II. God’s gospel justice more exacting than Law justice.
Now he continues that argument in verses 28 and 29. His argument is basically this. That in the New Covenant, that is in the time after Christ, in the time in which Christ has come to fulfill the promises of the prophet Jeremiah and he predicted the coming of the New Covenant in Jeremiah 31, in the time of the New Covenant, the penalty for willful sin is not less than it was in the time of Moses, it is greater. So the penalty for sin under the New Covenant exceeds the penalty under the Old. In other words, God’s gospel justice is more exacting than His justice under the Law.
He says this. Look at verse 28. “Anyone who has set aside the law of Moses dies without mercy under the testimony of two or three witnesses.” You know the passage in Deuteronomy which speaks of the penalty of the sin of idolatry. What is supposed to happen when a person commits idolatry? Moses tells us that if you commit idolatry and two or more witnesses witness to the fact that you have participated in idolatry, what is to happen? You are to be stoned to death. Very, very serious — a capital sin in ancient Israel. To participate in idolatry, to turn your back on the living God and to follow after false gods was to bring about immediately the penalty of death.
Now the author says that as the penalty for idolatry under the Old Covenant. How much severer do you think it would be to trample under your feet the very Son of God. That is his argument. He is saying if you think that was an appropriate penalty for someone who committed idolatry against the one true God in the time of Moses, what do you think will be the penalty for those who trample under foot the blood of the Son of God. So the argument is that covenant breakers in the New Covenant ought to anticipate severer punishment than the punishment that was meted out to those who broke the Law in the time of Moses. This is illustrated for us in a story that we studied recently on Sunday mornings. You remember Matthew 18 in the story of the unmerciful steward. The king had spared the steward and his family. He had decided he would not make him pay back the $10 million that you owe me and I’m not going to throw you in debtor’s prison. I am going to forgive that debt. The unmerciful steward never accepted the grace of the gospel that had been given him and immediately went out and was unmerciful to the one who owed him money. What happened to him? “And the king handed him over to the torturers.” You see, that is a picture of the rejection of grace. When you reject God’s grace and turn your back on Christ, then there is a fearful punishment which await.
So the author of Hebrews is simply reminding us that it is not something to trifle with — our profession in the Lord. It is of the utmost seriousness.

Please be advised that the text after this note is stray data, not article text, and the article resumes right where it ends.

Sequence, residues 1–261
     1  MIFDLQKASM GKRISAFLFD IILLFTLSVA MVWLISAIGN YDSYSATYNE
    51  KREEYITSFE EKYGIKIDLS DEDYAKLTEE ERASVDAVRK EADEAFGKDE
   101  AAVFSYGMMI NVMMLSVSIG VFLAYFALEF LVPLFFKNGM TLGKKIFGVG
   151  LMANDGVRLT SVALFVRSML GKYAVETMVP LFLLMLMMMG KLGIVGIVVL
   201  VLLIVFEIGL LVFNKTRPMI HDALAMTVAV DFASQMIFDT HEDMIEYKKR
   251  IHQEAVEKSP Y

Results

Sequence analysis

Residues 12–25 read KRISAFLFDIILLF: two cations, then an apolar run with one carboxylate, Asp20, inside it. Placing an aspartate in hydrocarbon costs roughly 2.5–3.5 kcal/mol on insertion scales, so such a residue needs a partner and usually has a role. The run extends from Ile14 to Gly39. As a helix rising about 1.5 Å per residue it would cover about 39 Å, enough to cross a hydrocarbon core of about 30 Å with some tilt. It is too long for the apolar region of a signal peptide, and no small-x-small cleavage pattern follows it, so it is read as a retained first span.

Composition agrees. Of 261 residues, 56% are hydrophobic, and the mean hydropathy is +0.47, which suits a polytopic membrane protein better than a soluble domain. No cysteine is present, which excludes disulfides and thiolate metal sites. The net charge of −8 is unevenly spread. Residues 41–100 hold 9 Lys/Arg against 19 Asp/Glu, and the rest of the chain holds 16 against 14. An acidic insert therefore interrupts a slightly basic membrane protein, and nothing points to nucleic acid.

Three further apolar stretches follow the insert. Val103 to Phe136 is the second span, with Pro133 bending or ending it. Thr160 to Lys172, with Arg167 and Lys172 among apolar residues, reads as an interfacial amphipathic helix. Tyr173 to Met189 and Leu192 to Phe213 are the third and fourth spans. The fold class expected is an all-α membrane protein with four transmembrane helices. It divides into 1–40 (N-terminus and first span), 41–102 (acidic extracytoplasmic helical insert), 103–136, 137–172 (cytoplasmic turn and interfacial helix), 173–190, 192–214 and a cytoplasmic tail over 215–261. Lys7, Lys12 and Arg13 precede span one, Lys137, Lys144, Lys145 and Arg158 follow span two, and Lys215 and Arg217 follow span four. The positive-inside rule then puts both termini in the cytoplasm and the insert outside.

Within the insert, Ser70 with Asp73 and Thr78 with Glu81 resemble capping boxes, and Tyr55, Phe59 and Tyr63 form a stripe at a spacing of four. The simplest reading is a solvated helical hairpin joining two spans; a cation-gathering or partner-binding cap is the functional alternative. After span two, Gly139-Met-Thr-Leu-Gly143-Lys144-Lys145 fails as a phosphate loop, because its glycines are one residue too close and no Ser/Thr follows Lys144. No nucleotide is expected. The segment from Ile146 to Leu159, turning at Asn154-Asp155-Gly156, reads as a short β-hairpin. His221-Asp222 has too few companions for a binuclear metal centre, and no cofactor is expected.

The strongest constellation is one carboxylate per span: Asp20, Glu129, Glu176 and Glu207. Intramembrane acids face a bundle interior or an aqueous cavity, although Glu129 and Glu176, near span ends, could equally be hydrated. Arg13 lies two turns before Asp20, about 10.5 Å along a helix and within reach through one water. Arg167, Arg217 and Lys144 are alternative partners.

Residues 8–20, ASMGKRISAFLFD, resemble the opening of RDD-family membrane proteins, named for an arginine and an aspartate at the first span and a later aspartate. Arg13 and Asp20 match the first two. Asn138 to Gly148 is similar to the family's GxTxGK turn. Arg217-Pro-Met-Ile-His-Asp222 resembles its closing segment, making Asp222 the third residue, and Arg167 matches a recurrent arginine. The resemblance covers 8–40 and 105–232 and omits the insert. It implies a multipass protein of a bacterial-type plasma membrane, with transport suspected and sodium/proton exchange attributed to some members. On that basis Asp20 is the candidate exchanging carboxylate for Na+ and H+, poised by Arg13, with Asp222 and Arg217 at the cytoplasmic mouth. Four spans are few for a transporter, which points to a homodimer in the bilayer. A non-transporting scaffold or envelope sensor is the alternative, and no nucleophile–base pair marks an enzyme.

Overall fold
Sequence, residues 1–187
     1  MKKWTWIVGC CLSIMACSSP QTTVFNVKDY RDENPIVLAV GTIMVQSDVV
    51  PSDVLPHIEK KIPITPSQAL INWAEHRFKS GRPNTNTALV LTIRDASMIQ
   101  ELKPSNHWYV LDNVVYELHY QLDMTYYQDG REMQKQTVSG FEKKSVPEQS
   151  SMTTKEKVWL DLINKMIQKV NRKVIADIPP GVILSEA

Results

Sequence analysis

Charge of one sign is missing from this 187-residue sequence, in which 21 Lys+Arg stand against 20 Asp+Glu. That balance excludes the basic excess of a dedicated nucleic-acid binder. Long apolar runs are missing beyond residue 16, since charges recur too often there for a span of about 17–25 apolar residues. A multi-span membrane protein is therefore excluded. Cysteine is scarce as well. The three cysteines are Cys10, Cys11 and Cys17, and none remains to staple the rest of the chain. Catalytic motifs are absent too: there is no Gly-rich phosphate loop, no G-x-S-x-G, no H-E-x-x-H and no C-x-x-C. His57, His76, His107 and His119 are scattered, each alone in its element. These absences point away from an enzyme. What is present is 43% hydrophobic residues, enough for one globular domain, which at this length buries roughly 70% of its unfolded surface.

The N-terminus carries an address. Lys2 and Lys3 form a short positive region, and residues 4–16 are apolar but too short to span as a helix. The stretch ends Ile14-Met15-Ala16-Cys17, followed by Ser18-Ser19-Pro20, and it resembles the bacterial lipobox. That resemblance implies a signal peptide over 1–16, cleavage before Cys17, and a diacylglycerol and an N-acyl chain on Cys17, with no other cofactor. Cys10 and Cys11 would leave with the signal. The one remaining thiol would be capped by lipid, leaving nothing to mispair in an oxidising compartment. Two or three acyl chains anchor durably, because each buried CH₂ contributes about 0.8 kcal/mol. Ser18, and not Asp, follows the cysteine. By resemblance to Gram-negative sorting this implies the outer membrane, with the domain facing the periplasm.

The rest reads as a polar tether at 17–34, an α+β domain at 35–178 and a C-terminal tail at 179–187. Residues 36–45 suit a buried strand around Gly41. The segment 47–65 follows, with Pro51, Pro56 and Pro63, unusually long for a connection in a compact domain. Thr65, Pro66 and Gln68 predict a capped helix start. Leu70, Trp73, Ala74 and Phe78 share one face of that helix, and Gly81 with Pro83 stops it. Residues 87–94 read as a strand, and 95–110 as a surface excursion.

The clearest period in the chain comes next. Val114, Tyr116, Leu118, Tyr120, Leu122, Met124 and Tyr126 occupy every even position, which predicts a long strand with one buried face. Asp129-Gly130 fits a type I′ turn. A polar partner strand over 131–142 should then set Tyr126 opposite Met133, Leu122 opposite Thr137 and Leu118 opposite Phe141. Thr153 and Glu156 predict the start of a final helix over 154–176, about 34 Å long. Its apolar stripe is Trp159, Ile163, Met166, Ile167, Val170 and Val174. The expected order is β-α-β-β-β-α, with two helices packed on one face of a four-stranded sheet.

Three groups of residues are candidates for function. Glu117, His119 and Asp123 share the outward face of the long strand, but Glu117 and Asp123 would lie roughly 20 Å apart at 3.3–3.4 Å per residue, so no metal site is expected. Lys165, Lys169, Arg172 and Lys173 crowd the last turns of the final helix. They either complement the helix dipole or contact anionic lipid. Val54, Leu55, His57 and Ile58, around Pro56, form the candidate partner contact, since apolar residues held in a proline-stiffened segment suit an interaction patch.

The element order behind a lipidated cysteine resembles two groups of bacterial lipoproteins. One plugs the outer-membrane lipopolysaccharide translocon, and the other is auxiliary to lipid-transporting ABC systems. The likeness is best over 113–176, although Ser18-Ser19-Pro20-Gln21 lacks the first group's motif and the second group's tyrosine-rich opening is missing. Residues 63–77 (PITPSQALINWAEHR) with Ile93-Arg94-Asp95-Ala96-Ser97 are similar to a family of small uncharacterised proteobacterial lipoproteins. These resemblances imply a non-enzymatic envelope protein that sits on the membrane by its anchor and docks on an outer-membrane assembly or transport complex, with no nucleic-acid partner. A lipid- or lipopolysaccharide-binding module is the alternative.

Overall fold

III. The very thought of God’s judgment is awesome.
He goes on to give a scriptural proof. Look at verses 30 and 31. Basically, he is verifying this principle which he has set forth in verses 26 through 29 by quoting Moses. If these people are swayed by Jewish teaching, who better to quote than Moses to show that what you are saying is true. He goes back to Moses and again to some passages from Deuteronomy and says “For we know Him who said, ‘Vengeance is mine, I will repay.’” He says, “We know the God who said through Moses, vengeance is mine, I will repay.” He gives another quote: “And again, ‘The Lord will judge His people.’” So Hebrews supplies here scriptural proof of the principle that God will judge sin. In this passage the point is to remind us of the awesome judgment of God. Nothing escapes Him. Sometimes we do things that we get by with. Our parents tell us to do or not to do things and sometimes we do or don’t do things they tell us to do and we get by with it, for some reason they don’t find out about it. But the author of Hebrews is saying I want you to remember the one that you are going to have to give an account to. Nothing gets by Him. Vengeance belongs to Him, He will repay. He is reminding us that at that final judgment, that awesome judgment of God is not going to miss anything in our lives, especially the rejecting of His Son. If he gave His son to die, then He apparently thought it was of the utmost importance and the only way that we can be saved and if we despise that death, the author of Hebrews is just saying, what in the world will it be like to fall into the hands of the living God.
Nothing is more powerful to overcome temptation than the fear of God. John Calvin said that 400 years ago. And the author of Hebrews is putting this quotation in front of us. “It is a terrifying thing to fall into the hands of the living God” in order to inspire us to fear God so that we will overcome the temptation to despise the only way of salvation and the sacrifice of the Lord Jesus Christ.
And so we look at this passage together.
Let me just say a few things about the passage. The author of Hebrews, and we are going to see an example of this in a few moments, is not speaking of this to unbelievers with the hope of getting them to trust in Jesus Christ. His point is not to blast idolaters or to blast those who have already forsaken Christ. His point is to warn Christians not to defect from their loyalty to Jesus Christ. His purpose is constructive. That is important to see. In fact, we will see in verses 32-39 that the author of Hebrews has very warm hopes for the perseverance in faith of everyone in this congregation. He thinks they are going to persevere to the end, that they are going to stay faithful to the Lord Jesus Christ. But he is warning them because he loves them and because it is so serious that they not reject their profession in Jesus Christ.
IV. Examining our graces is an impetus to perseverance.
Look at verses 32-34. He calls on them to remember to reflect upon some of the deeds that they did not long after they made their profession of faith in Jesus Christ. They lived out their faith and so he teaches us in verses 32-34 that examining our graces is an impetus to our persevering in the faith. “Remember the former days when after being enlightened, you endured a great conflict of suffering,.” The author of Hebrews says remember those early days after you professed that you were a believer in Jesus Christ. You went through incredible persecution. Some of you were thrown into prison. But all of you, even if you were not thrown into prison, went to visit your brothers and sisters when they were in prison for their profession of faith. You ministered to them. You shared in their suffering. And so he says I want you to remember that because that was a very trying time. What did you do? You endured. You persevered. You didn’t fall away from Christ when the heat was turned on. You stayed faithful to Him. He says, “I want you to recollect that and then reflect on it. I want you to think about the significance of that because if you persevered in that, you also ought to persevere in this time, even though you have friends who are saying, ‘Oh, you don’t need to be a Christian. You can come back and be a Jew and go through the Jewish ceremonial system and have fellowship with God that way just as easily as you could in your Christian profession.”